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If schools want to have any chance of helping slow the spread of coronavirus, they may have to make decisions about closure sooner than they would like.
This post has been updated with new numbers of school closures.
More than 4.7 million K-12 students across the United States (around 10 percent) are currently staying home due to school closures, according to Education Week’s latest tally.
Worldwide, the numbers are even harder to digest. At least 26 countries – including China, Italy and Japan – have closed schools nationwide. Roughly, 377 million students are shut out of schools in those countries, according to the United Nations Educational, Scientific and Cultural Organization, or UNESCO. Another 20 countries, have initiated partial closures – so far.
San Diego schools, though, are still open.
The global pandemic caused by a novel strain of the coronavirus, which leads to the disease known as COVID-19, is clearly the most disruptive world event in generations. And the question school leaders must answer is whether to close, and invite one world of unique and difficult challenges, or stay open, and invite another.
Previous studies of influenza have shown that closing schools early enough can significantly slow the spread of disease and ultimately save lives, as Chalkbeat reported. Closing them too late can mean the spread of disease will be slowed very little or not at all.
Dr. Mark Sawyer, an infectious disease specialist at Rady Children’s Hospital, says the question of when to close schools, especially in the case of COVID-19, is very difficult to answer.
For one, the novel coronavirus is not the same as influenza. Forms of the flu transmit easily from children back home to their parents and families. Sawyer said it’s unclear if COVID-19 moves in the same way. It may actually transmit more easily from adults to children, which would mean shutting down schools could have less of an impact than it did in previous cases of flu outbreak.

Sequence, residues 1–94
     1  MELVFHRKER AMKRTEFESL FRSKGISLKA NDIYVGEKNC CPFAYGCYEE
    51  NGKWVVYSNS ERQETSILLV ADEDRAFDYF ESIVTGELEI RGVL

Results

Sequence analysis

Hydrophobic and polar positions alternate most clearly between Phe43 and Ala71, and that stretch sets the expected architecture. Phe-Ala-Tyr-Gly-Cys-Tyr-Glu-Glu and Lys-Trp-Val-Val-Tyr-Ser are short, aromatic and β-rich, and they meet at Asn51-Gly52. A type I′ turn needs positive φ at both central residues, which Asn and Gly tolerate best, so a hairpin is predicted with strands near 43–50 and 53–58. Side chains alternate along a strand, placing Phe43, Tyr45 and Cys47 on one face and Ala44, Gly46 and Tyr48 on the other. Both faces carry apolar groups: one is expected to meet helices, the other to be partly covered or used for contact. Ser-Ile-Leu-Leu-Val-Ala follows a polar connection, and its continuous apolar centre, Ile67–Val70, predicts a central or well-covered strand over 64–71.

Sawyer acknowledged that schools will likely have to make closure decisions before such information is even available.
“The time to close would be when we really start to see transmission in San Diego,” Sawyer said. “If you’re going to make this decision to close, you want to make it very early on as [transmission] starts to happen.”
At the time Sawyer and I spoke on Thursday, San Diego had no cases of community-transmitted COVID-19. All cases of the disease were believed to be related to travel. But moments later, during a 2:30 p.m. press conference, public health officials announced that the disease has begun spreading through San Diego in one case.
That means, according to Sawyer’s analysis, that if school officials want school closures to even have a chance of being effective in limiting the spread of disease, they will likely have to make decisions sooner than they would like.
But as school officials (and Sawyer too) are well aware, school closures come with their own negative impacts.
“We know we have students that would face food insecurity [if schools closed] and would be left alone at home while a parent has to work. We know we have students without internet access” who would not be able to participate in online learning, said Music Watson, chief of staff to the San Diego County Office of Education superintendent.
School officials are obviously not eager to authorize closures, given the negative impact they would have on so many families – especially those who are already struggling with poverty.
For now, none of San Diego County’s 43 school districts have shut down schools and they are following public health officials’ guidance to cancel events of more than 250 people. However, several hundred students attend most schools throughout the county and high schools are often attended by several thousand students.